Institute for War and Peace Reporting | Giving Voice, Driving Change
Sadr Group Seeks Role
A representative of radical Shia cleric Muqtada al-Sadr has said he expects his movement to play a role in government, although not a direct one.
“The new Iraqi government and the new National Assembly will certainly not forget the Sadrist movement, and they will have it participating in the governance and building of a new Iraq,” said Sheikh Sahib Ubaid al-Amiri, who represents al-Sadr in the holy city of Najaf in southern Iraq.
Al-Sadr discouraged his followers from participating in the January 30 poll, saying a fair election was impossible while United States troops remained in Iraq. However, some of them nevertheless ran, on the candidate list of the National Independent Elites and Cadres party.
The cleric’s insistence that a timetable be set for Coalition forces to withdraw stymied negotiations with the United Iraqi Alliance, the candidate list sponsored by Grand Ayatollah Ali al-Sistani. Despite their past differences, al-Amiri said the Sadr movement supports the United Iraqi Alliance and wishes it success.
Wahab Sharif, a spokesman for the Supreme Council of the Islamic Revolution in Iraq, a leading party in the Shia-led alliance, reciprocated, saying Sadrist participation would be welcome.
“They have a role in the new Iraqi government, because it is a wide-reaching movement and it has an impact on the Iraqi street,” said Sharif. He added, “We don’t believe in anyone being absent from the Iraqi political scene.”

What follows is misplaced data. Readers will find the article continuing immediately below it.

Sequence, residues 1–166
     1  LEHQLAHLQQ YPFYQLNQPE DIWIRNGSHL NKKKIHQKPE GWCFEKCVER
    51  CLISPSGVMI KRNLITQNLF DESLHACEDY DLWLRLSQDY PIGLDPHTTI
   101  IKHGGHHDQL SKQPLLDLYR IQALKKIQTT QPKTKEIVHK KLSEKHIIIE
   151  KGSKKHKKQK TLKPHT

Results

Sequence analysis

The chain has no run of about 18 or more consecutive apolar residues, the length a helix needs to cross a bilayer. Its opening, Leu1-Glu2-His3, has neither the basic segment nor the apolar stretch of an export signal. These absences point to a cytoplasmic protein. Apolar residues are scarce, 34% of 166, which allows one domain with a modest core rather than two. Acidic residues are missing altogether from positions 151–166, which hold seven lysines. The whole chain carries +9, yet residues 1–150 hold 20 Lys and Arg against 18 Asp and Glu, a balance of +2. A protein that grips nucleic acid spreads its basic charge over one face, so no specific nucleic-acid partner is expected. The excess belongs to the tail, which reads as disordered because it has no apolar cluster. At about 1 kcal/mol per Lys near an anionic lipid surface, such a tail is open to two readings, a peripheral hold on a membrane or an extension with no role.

Al-Amiri said the Sadrist group still had the capacity to mobilise large numbers of people if needed. “Our influential position is in the Iraqi street, as the Sadrist movement flows up from the street and from the people themselves,” he said.
Al-Sadr’s mix of Iraqi nationalism and Shia radicalism has found fertile ground among large numbers of poor Shias. Although a junior cleric, he inherited a strong power base from his father, Muhammad Sadiq al-Sadr, a senior cleric who was assassinated in 1999 after opposing former president Saddam Hussein.
The junior al-Sadr has flexed his muscles more than once. He led two violent uprisings against US forces in 2003, and has used his pulpit to issue fiery sermons criticising interim prime minister Ayad Allawi.
But al-Amiri insisted al-Sadr’s most recent directives display a new line, a “commitment to quietness”. That marks a shift away from his firebrand past as leader of the “vocal hawza”. (The hawza are Shia theological schools.)
Al-Sadr has openly criticised al-Sistani, a revered figure in Iraq, for being part of the “silent hawza” which opposes mixing politics and religion.
Zaid Ali is an IWPR trainee journalist in Iraq.
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